Sticky traps are also very easy to use and are nontoxic. All you have to do is pop the sharp bottom into the soil and then wait for the bugs to come. They are long-lasting so there is no need to replace them until they are covered with bugs and are also very affordable.
Fungus gnats home remedies for succulents
Allow Soil to Dry
First things first. Allow your soil to dry. As we have discussed, fungus gnats are attracted to moisture so chances are you have been overwatering your succulent plant. If the soil is wet and soggy then stop watering immediately.
You should only water your succulents once the soil is completely dry and then give it a thorough soaking when you do water. Remember; more water less often is the key. If you are following a good watering schedule then you shouldn’t really have any issue with gnats on succulents.
Dish Soap Spray
A popular natural remedy for fungus gnats is dish soap spray. This is easy to do and uses ingredients you already have in the home! Although less effective than shop-bought treatments, dish soap spray is a cheap way to eliminate insects.
Simply combine 1 tablespoon of dish soap with 1 quart of water in a spray bottle. This will create a 2 percent solution that is effective against fungus gnats. I would advise testing this spray on 1 leaf or stem of your succulent before applying to your whole plant to make sure no long-lasting damage will be done.
If you’re looking for natural ways to kill gnats then cinnamon could be the answer. Cinnamon powder is a natural fungicide. It will help eliminate fungus gnats by destroying the fungus that the larvae feeds on.
This is an effective home remedy for gnats in houseplants and is easy to do. Simply sprinkle the cinnamon onto the soil so that it covers the top layer and let the damping off begin.
Grade diatomaceous earth is another fungus gnats home remedy that is popular with succulent lovers. The mineralized food dust contains silica that shreds any insect which flies through them.
You can either mix the dust a the top of the soil or pour into your potting mix. This will get rid of gnats on succulents and will even kill the larvae.
When working with diatomaceous earth, it is recommended that you wear a mask.
How to keep gnats away from succulents for good!
Okay….so you’ve chosen your remedy and have eliminated those pesky pests. Great! Now you want to make sure they don’t come back. So how do you keep gnats away from succulents for good?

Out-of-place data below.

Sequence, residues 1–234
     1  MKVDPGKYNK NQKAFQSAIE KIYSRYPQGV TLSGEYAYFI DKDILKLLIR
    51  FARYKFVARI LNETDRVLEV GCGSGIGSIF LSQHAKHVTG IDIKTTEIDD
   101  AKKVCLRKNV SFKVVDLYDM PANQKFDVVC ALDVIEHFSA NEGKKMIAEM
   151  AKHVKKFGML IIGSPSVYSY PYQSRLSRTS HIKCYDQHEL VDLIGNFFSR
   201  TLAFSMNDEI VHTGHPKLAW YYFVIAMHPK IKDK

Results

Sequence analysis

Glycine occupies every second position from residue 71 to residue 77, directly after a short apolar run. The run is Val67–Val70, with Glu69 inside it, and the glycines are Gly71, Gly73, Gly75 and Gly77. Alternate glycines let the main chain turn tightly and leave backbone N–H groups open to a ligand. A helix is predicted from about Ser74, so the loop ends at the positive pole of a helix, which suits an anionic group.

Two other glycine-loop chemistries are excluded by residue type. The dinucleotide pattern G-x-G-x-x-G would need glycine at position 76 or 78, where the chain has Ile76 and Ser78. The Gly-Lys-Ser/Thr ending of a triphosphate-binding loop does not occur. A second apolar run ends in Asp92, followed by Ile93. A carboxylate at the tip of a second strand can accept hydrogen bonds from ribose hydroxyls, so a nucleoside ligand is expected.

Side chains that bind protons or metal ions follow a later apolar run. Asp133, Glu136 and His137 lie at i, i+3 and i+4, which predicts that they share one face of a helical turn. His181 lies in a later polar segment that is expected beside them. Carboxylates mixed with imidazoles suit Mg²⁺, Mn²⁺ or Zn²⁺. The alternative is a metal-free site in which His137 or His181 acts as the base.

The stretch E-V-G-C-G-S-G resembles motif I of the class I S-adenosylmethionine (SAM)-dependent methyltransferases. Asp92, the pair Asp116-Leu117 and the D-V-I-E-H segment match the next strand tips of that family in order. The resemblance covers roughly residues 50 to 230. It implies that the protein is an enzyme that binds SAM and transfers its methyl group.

Get a well-draining soil
Getting well-draining soil is vital. Not only to help keep gnats and bugs away but also to ensure your succulent plant stays happy and healthy! If you don’t have well-draining soil, then it will soak up way too much water and will lead to common problems such as root rot.
There are so many cactus and succulent soils around, just pop to your local garden center! A well-draining soil will be a blend of inorganic and organic matter.
Once you have your well-draining soil, the next step in keeping gnats away from succulents is to make sure you have a proper watering schedule. Try not to overwater. I know that watering your houseplants is always tempting, and so many varieties require vigorous watering. But succulents are not a type of houseplant that needs constant attention.
Succulents are better off being underwatered than overwatered. You should wait for the soil to be completely dry before you even think about watering again. Overwatering is the most common problem I see and can lead to a wealth of issues such as fungus gnats, pests, mushy leaves, root rot, leaves dropping off and eventually the death of your beloved plant.
Fungus gnats on succulents concluded
I hope you have enjoyed reading this article and are now fully knowledged on how to get rid off gnats on succulents! Although harmless, fungus gnats are irritating and not a nice pest to have around the home. There are a lot of different methods you can try to eliminate the pests from your household.
In this article I gave you a quick overview on what fungus gnats are, what causes fungus gnats on succulents and how to get rid of fungus gnats on succulents.
I also gave advice on some of the best treatments, both natural and home remedies which included:
- Yellow sticky traps
- Allowing the soil to dry
- Dish soap spray
- Diatomaceous earth
Do you have any other effective natural remedies to get rid of gnats? If so leave a comment! I’m always interested to hear what other methods people use.
More tips and common questions on succulent care:
- Succulent terrarium care
- Best succulents for terrariums
- Best succulents for offices
- Are coffee grounds good for succulents?
- How fast do succulents grow?
- How to keep cats away from succulents
- Why is my jade plant dying?